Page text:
among indigenous people, church steward, the highest of all indigenous church-related officials; also a term used for Spanish officials, who represent the government or a specific branch of the government in legal matters somewhat like a prosecuting attorney The Tlaxcalan Actas: A Compendium of the Records of the Cabildo of Tlaxcala (1545-1627), eds. James Lockhart, Frances Berdan, and Arthur J.O. Anderson (Salt Lake City: University of Utah Press, 1986), 153.
a Spanish last name, but it could also be taken by indigenous people; e.g. don Antonio Flores, municipal governor of Tlaxcala in 1565
Here in This Year: Seventeenth-Century Nahuatl Annals of the Tlaxcala-Puebla Valley, ed. and transl. Camilla Townsend, with an essay by James Lockhart (Stanford: Stanford University Press, 2010), 166–167.
people forced into exile
(a loanword from Spanish)
(central Mexico, 1613) Annals of His Time: Don Domingo de San Antón Muñón Chimalpahin Quauhtlehuanitzin, James Lockhart, Susan Schroeder, and Doris Namala, eds. and transl. (Stanford: Stanford University Press, 2006), 236–237.
(central Mexico, 1614) see Annals of His Time: Don Domingo de San Antón Muñón Chimalpahin Quauhtlehuanitzin, James Lockhart, Susan Schroeder, and Doris Namala, eds. and transl. (Stanford: Stanford University Press, 2006), 280–281.
French people, people of France, people from France (partly a loanword from Spanish) (ca. 1582, Mexico City) Luis Reyes García, ¿Como te confundes? ¿Acaso no somos conquistados? Anales de Juan Bautista (Mexico: Centro de Investigaciones y Estudios Superiores en Antropología Social, Biblioteca Lorenzo Boturini Insigne y Nacional Basílica de Guadalupe, 2001), 174–175.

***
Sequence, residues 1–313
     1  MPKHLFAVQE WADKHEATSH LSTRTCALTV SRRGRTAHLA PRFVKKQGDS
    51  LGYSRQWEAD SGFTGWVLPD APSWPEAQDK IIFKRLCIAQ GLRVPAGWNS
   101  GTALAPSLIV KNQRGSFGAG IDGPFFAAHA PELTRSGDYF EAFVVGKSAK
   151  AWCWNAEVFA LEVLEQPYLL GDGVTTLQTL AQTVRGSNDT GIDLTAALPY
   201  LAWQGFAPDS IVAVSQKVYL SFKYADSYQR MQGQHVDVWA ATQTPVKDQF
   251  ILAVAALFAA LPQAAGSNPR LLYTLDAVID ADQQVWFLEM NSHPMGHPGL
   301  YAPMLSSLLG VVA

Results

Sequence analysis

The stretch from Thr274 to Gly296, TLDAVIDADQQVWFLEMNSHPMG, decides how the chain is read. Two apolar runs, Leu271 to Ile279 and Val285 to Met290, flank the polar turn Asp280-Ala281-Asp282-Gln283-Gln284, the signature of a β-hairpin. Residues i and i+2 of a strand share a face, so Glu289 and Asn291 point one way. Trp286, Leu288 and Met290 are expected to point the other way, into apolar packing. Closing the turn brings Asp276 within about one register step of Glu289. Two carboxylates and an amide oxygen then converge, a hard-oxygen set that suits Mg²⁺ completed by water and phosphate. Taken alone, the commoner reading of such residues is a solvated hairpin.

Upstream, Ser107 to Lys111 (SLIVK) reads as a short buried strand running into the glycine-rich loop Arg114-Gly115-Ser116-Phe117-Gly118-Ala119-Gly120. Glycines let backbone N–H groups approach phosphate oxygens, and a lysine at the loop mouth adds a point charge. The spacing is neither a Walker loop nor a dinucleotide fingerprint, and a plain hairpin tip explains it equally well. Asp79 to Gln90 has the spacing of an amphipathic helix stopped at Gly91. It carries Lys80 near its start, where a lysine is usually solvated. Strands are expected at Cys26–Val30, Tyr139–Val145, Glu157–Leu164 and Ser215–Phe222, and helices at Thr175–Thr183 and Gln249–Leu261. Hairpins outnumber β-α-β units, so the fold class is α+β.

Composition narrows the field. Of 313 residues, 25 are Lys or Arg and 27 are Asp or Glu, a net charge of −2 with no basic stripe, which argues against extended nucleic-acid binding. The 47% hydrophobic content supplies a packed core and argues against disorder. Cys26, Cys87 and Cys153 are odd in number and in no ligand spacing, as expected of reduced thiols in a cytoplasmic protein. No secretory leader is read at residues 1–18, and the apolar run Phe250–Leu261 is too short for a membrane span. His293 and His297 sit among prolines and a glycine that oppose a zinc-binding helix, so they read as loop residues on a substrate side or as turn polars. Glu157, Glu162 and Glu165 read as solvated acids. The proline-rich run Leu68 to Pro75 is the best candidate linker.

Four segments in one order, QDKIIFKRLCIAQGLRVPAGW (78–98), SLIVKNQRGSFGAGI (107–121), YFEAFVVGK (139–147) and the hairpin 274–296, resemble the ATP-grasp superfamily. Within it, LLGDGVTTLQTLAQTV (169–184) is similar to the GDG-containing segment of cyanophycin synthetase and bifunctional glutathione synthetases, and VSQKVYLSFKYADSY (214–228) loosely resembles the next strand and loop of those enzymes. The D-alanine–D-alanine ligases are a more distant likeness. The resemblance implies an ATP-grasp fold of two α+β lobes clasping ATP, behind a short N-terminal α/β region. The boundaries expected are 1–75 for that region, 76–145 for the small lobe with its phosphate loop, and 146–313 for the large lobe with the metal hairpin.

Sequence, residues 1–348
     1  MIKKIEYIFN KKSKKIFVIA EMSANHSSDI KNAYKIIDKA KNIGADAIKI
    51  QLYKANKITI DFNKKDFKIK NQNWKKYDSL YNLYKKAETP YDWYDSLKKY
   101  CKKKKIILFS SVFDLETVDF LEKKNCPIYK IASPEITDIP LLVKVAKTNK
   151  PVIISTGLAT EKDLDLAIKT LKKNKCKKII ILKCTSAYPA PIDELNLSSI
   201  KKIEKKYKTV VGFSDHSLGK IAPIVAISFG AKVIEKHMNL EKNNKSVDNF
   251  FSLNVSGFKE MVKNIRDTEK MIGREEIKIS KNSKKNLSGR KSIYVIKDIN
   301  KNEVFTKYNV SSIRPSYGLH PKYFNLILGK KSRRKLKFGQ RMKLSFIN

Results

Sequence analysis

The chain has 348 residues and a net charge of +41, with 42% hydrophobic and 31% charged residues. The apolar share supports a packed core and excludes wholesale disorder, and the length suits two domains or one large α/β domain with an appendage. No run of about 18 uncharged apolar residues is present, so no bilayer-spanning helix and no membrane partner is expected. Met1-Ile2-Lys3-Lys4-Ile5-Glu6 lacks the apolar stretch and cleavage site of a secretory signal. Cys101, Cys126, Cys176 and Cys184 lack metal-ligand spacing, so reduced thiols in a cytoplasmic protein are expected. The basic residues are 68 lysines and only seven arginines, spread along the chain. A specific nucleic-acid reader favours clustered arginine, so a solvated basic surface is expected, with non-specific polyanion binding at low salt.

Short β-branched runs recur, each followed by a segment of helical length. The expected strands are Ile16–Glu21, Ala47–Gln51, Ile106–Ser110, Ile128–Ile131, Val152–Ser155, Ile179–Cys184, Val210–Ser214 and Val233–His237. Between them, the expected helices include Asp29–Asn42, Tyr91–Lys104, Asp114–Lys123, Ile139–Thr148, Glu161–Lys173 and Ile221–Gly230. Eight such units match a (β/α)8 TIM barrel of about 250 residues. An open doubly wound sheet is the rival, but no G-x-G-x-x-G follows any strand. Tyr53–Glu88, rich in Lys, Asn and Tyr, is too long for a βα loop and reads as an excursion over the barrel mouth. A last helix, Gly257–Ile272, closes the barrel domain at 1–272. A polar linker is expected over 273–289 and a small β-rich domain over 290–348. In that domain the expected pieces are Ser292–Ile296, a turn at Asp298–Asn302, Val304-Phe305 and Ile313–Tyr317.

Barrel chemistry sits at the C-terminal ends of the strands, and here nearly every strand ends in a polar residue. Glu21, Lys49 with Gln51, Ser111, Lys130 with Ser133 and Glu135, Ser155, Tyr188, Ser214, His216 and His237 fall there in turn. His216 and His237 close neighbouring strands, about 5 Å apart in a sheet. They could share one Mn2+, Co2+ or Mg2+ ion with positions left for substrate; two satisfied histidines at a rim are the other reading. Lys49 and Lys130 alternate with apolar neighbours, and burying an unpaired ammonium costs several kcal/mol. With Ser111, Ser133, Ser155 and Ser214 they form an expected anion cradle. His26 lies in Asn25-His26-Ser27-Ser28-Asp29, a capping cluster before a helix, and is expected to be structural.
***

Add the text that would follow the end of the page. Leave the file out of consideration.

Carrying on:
a name; a Spanish surname(?); taken by indigenous people; e.g. Juan Frayle was an interpreter in Tetzcoco in the sixteenth century
(central Mexico, early seventeenth century) Codex Chimalpahin: Society and Politics in Mexico Tenochtitlan, Tlatelolco, Culhuacan, and Other Nahuatl Altepetl in Central Mexico; The Nahuatl and Spanish Annals and Accounts Collected and Recorded by don Domingo de San Antón Muñón Chimalpahin Quauhtlehuanitzin, eds. and transl. Arthur J. O. Anderson and Susan Schroeder (Norman: University of Oklahoma Press, 1997), vol. 2, 204–205.